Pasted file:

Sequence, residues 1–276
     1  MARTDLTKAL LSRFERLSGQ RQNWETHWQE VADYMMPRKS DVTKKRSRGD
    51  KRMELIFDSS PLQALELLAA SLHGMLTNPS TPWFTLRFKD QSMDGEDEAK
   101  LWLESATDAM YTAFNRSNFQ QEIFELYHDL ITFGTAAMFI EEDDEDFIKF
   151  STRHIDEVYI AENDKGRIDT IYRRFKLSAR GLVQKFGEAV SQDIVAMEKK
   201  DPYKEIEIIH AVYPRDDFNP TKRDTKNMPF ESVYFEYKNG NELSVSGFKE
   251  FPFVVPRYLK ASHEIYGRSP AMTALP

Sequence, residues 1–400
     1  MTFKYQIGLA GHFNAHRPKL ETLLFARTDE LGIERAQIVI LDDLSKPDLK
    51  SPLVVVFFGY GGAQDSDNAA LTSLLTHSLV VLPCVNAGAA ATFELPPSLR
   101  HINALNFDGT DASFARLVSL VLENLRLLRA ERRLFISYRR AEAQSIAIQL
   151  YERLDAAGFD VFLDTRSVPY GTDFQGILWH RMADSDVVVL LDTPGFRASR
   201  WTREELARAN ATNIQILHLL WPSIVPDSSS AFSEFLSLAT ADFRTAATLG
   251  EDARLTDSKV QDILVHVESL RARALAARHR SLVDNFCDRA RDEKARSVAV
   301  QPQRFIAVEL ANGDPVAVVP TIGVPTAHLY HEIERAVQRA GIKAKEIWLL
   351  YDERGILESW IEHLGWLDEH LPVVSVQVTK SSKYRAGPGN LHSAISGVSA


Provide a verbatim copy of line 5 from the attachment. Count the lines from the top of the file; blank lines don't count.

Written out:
   151  STRHIDEVYI AENDKGRIDT IYRRFKLSAR GLVQKFGEAV SQDIVAMEKK